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Widow, son given a week to reach deal on disputed land

EASTERN
By PAUL MUTUA | March 24th 2014
  The granny      [PHOTO: PETER MUTUA/STANDARD]

By PAUL MUTUA

Kitui, Kenya: A Kitui court has given a 90-year-old widow and her son one week to reach an agreement over a land row.

Kitui acting Chief Magistrate Alfred Kibiru told the two parties they had up to April 1 to come to settle the dispute out of court.

Kibiru said it was for the benefit of the family that the dispute be resolved amicably.

The magistrate made the remarks after he visited the widow, Mrs Grace Katuti Mutinda’s homestead in Maliku location, Kitui Central Constituency to view the contested piece of land measuring 5.12 hectares.

The widow wants her first-born son, Fredrick Mikate, 67, barred from occupying any part of the land, arguing she is its sole registered owner.

Mrs Mutinda contests that Mikate had no respect for her and it would be an abomination if he was allowed to take the land without her blessings.

The defendant’s counsel Kinyua Musyoki had earleir submitted that it would be prudent for the court to familiarise itself with the places that have been mentioned during the proceedings.

During the inspection, Mikate differed with his sister, Francisca Syombua, who was representing their aged mother, over the boundary between Mikate’s land and that of his mother.”

 There were abandoned structures and uncompleted buildings in the homestead which Mikate claimed were his.

 The magistrate asked Musyoki and the plaintiff’s lawyer, Morris Kimuli, to consult their clients on the possibility of striking an out-of-court deal and set April 1.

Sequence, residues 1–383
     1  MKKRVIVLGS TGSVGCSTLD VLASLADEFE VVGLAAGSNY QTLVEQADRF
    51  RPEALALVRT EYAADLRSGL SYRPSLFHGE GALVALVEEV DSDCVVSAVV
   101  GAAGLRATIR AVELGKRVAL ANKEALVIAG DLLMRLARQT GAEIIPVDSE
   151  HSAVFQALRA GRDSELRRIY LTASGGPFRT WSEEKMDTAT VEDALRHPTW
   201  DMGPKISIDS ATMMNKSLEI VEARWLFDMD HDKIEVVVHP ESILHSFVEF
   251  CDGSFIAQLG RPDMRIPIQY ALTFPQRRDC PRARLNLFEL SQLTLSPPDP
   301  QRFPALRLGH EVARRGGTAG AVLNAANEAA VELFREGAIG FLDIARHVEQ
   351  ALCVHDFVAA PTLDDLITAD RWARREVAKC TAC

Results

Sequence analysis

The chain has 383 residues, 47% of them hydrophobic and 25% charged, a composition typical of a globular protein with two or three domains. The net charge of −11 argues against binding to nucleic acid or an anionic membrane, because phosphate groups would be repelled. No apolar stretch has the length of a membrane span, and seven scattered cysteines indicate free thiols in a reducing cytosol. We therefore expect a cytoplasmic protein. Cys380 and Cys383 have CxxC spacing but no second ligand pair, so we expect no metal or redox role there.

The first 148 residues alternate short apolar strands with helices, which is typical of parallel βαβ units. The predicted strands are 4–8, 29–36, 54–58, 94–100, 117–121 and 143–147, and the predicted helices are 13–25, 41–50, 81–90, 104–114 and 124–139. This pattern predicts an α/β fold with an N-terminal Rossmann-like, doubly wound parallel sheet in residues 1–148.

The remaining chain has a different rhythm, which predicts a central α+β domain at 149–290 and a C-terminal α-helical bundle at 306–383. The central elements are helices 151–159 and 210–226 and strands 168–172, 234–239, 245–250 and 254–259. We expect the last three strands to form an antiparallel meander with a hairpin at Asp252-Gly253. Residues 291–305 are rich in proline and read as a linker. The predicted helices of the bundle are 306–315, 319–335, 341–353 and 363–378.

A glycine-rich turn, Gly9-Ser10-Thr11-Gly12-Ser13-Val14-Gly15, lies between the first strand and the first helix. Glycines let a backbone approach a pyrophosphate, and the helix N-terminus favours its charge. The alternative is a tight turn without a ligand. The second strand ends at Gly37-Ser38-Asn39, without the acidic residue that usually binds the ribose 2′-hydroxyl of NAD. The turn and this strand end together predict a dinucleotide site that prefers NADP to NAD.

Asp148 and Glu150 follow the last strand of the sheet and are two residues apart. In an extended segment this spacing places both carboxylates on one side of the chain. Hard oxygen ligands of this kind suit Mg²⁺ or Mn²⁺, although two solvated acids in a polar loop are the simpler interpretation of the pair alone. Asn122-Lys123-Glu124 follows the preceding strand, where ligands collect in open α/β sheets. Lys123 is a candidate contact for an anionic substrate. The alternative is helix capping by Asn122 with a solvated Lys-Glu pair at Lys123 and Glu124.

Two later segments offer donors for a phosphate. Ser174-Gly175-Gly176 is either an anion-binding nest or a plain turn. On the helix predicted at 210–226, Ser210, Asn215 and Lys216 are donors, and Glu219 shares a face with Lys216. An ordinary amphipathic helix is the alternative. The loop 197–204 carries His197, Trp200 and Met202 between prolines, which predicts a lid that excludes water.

On Thursday, the court sat for a 5-hour inter-partes hearing in which Mikate denied trespassing into her mother’s property.

The former Kitui civic leader told the court that his sister, Syombua, was allegedly instigating the move to have him kicked out of the disputed land.

He accused her sister of malice and blamed her for his feud with their aged mother.

 “I was given the piece of land by my late father and my mother has since turned against me. It is my mother who implored my father to give me two parcels of land as I am supposed to assume the headship of the family in the event of their (parents’) absence,” said Mikate.

Cross-examined by both Musyoki and Kimuli, the witness denied he intended to unlawfully seize the parcel of land from her mother, claiming that he only wanted a share of it.

However, Mikate’s wife, Lenah Kasyoka, contradicted him when she said she was ready for an out-of-court deal to end the dispute.

But Mrs Mutinda has maintained that she can’t live in the same compound as her son and his family.

“If this court disallows my plea in restraining my son from having the land, it will be better for me to leave instead,” said the widow tearfully.

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